Moreover, even if the Younger elements were satisfied here, the court would not
be required to abstain here because an exception to the application of the doctrine
applies. Indeed, federal courts may disregard the Younger doctrine when a state court
proceeding was brought in bad faith or with the purpose of harassing the federal
plaintiff... Google has
presented significant evidence of bad faith, allegedly showing that Attorney General
Hood’s investigation and issuance of the subpoena represented an effort to coerce
Google to comply with his requests regarding content removal. As previously
discussed, the Attorney General made statements, on multiple occasions, which purport
to show his intent to take legal action against Google for Google’s perceived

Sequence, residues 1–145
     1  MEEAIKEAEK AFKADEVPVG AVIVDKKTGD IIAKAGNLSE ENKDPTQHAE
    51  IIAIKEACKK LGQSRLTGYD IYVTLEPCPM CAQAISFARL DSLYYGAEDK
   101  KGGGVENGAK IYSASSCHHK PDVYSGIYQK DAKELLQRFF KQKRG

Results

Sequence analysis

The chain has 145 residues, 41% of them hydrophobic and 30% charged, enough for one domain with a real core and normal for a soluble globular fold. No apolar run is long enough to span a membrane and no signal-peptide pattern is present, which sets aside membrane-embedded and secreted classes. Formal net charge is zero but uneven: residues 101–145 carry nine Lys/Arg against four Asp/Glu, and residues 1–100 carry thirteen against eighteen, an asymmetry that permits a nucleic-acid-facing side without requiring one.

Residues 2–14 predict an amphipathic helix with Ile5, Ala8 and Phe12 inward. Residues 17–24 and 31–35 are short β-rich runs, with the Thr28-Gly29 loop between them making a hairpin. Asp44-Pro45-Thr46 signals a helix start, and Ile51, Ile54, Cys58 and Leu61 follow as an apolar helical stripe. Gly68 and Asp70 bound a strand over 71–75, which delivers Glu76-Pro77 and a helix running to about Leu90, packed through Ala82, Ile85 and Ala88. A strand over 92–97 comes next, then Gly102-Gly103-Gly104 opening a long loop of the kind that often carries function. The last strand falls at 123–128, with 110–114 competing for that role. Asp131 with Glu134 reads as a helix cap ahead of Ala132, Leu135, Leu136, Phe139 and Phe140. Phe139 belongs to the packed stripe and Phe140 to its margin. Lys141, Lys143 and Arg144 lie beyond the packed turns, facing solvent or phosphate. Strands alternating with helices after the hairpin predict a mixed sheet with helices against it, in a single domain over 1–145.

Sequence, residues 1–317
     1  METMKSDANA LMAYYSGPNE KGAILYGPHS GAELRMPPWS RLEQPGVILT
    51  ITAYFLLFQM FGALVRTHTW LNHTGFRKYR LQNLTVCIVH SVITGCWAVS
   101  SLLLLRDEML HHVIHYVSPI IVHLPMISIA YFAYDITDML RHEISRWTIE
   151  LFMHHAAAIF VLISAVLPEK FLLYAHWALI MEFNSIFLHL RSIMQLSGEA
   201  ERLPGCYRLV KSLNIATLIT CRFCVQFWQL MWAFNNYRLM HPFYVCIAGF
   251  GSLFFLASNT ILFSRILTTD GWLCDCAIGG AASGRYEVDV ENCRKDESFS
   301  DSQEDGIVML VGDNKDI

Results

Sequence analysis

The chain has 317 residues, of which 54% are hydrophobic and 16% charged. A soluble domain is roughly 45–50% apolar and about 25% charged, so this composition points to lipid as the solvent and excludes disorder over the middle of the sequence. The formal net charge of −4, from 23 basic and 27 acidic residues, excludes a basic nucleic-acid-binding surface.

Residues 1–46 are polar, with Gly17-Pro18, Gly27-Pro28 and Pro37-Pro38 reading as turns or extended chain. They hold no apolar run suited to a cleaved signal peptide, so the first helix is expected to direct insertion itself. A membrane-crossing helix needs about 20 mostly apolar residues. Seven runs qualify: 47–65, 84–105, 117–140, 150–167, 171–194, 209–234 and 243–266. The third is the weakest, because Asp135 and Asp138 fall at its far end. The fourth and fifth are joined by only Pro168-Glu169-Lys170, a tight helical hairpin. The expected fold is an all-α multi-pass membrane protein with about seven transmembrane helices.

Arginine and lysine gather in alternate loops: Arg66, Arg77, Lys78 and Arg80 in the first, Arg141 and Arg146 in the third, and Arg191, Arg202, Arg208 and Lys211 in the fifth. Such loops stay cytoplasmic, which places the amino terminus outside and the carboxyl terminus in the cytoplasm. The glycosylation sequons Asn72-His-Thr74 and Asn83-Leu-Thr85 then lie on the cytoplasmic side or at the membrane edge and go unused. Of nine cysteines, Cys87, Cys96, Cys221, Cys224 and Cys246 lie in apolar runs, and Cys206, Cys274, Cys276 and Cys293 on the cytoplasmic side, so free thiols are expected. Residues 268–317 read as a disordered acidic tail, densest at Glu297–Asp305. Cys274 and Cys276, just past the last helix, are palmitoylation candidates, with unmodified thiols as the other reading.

violations. When Google declined to fulfill certain requests, the Attorney General
issued a 79-page subpoena shortly thereafter. The court is persuaded that this conduct
may evidence bad faith on the part of the Attorney General.
The court also notes that Hood clearly recognizes that many of his attacks on Google are blocked by Section 230 of the CDA (which, again, say you can't blame a service provider for actions of its users), because Hood himself signed a letter to Congress asking for Section 230 to be amended to exempt investigations by state attorneys general (we wrote about that dangerous effort at the time as well).
From there, Judge Wingate notes that it seems clear that Hood is likely violating Google's First Amendment rights too, even noting that the subpoena itself appears to be retaliation for protected free expression:
Furthermore, the court also is persuaded that Google has demonstrated a